Wednesday, September 08, 2010

This is not a guillotine.

A list I subscribe to recently had a small item about Francis Poulenc's Dialogues of the Carmelites (1957), which is not exactly the kind of thing I write about here.  Dialogues may well be the most-performed opera of the second half of the 20th century.  It's a lush piece, requires limited stage resources, has forgiving vocal writing and is not overly long.  But it's not really a work which pushes any boundaries.  

But this item did mention an interesting feature in the work: two players from the percussion section are assigned the responsibility for the sound of the (off-stage) guillotine, "one producing a crescendo-glissando with a metal object on the edge of a tam-tam(laid flat in order to create a dry scraping sound) as a grace-note to a hammer-stroke on a large wooden box produced by the other player."

This happens to be a superb illustration of musical representation:  Poulenc, writing in 1957, could well have used a recording of real guillotine, or even positioned a real guillotine offstage and have it slice through something head-like (a ham, or perhaps a melon?) for each decapitation in the score, that is to say, treated it like a film or stage sound effect (in film, this would probably be assigned to a sound effects artist, possibly a foley artist, although, not being produced by visible hands or feet, it is not, technically, a foley effect).  But Poulenc decided to treat it as a musical representation, timed to the score, produced by percussionists in the pit, and with not only a technical description of the sound production but a precise musical description of the sounds required and their placement in musical time.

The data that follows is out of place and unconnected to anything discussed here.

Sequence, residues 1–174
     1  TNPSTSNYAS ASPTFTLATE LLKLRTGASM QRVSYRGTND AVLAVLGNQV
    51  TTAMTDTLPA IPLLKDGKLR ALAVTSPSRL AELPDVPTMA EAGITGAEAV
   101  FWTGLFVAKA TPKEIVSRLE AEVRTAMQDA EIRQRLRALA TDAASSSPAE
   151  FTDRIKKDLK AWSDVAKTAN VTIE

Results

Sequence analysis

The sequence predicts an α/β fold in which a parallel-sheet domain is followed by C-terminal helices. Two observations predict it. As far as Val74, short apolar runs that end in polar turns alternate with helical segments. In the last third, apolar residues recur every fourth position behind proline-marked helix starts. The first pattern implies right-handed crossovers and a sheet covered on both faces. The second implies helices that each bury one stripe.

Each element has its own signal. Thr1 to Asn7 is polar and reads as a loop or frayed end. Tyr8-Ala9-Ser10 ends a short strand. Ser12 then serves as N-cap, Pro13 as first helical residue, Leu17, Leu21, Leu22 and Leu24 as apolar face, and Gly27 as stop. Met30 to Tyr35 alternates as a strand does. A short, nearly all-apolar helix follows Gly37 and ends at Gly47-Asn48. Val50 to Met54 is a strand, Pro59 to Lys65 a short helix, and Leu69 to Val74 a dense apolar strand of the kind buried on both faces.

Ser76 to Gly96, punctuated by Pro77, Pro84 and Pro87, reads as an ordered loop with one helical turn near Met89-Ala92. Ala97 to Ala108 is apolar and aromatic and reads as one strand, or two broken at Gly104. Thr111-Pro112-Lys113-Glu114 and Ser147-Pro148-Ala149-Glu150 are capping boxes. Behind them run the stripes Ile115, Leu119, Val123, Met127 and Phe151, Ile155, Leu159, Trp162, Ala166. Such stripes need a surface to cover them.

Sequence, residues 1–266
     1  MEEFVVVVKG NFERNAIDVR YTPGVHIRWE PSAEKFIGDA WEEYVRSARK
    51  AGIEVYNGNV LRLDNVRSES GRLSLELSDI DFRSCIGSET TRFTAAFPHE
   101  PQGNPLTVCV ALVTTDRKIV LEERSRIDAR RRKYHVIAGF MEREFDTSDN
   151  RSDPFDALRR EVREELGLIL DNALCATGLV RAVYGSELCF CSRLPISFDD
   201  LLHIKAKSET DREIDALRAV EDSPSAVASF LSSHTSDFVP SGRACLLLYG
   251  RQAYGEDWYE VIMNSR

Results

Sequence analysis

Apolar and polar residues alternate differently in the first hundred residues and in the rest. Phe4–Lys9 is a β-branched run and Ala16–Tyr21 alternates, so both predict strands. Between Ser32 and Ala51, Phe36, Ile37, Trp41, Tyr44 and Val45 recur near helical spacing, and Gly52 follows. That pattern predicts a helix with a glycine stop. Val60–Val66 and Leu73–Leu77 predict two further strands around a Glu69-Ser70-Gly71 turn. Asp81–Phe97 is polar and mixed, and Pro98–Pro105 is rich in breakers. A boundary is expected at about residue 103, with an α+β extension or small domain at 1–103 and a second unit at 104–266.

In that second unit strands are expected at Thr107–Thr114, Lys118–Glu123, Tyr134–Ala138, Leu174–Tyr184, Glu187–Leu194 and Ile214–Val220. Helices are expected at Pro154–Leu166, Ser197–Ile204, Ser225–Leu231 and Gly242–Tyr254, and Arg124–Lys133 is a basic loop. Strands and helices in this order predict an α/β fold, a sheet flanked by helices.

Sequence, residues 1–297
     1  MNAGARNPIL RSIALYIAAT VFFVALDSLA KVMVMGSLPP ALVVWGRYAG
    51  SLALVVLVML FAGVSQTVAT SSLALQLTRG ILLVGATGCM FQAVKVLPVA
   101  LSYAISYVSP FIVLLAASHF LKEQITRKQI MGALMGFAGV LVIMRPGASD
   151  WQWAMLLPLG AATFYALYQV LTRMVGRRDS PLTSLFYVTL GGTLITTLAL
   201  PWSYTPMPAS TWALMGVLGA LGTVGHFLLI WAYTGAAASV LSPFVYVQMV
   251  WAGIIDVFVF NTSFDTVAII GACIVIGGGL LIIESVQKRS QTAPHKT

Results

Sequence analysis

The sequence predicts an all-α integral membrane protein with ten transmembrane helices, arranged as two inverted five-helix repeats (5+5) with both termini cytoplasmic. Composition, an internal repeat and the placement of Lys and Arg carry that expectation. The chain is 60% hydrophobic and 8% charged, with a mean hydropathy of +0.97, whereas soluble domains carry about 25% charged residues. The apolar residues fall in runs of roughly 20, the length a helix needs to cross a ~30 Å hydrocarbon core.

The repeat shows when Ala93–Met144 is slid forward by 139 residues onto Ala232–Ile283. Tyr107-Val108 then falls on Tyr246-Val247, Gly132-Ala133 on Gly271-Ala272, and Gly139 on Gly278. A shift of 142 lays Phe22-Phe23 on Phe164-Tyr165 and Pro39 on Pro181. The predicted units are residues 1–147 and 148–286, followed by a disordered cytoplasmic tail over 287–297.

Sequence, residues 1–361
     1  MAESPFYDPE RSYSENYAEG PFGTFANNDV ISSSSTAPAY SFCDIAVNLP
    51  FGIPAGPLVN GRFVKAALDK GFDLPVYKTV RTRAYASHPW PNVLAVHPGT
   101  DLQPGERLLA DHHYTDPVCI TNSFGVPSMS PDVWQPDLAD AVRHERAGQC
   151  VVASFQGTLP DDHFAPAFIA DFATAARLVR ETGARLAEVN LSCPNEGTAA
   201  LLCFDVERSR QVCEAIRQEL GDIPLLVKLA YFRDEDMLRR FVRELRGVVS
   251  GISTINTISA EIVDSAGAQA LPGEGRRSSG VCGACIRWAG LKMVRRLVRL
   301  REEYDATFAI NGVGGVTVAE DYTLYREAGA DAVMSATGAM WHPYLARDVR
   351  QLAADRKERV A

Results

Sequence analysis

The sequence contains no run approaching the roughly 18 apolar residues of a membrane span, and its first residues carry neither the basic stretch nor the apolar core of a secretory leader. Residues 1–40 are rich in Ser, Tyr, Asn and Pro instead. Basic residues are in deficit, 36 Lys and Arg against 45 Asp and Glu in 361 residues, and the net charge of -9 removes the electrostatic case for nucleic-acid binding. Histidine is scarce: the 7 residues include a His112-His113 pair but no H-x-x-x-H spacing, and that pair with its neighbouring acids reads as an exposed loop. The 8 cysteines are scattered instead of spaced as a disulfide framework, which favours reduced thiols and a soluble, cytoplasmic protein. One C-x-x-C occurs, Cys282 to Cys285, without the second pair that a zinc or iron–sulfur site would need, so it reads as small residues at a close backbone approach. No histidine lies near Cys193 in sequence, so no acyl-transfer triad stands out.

This sound in Dialogues is thus something that the listener will immediate identify within the narrative as a guillotine, but it is also more than that as the noises are tightly integrated into a rhythmic and tonal context.  It is even possible to imagine the same striking sound occurring in different works of music, completely divorced from its representative function. This is, of course, typical of the history of the European orchestral franchise as, for example, horns and trumpets and trombones gradually became members of the ensemble, initially representing functional sounds, associated, respectively, with the hunt, battle, and the church tower, yet eventually becoming integrated into the ensemble for more strictly — and abstractly — musical functions.   Aside from occasional visits by instruments like the saxophone (an instrument carrying its own associations), the last two centuries in the history of orchestration have featured the gradual addition of percussion instruments, often introduced first in the opera, typically first through either such literal representations of diegetic sounds or the invocation of the exotic.      


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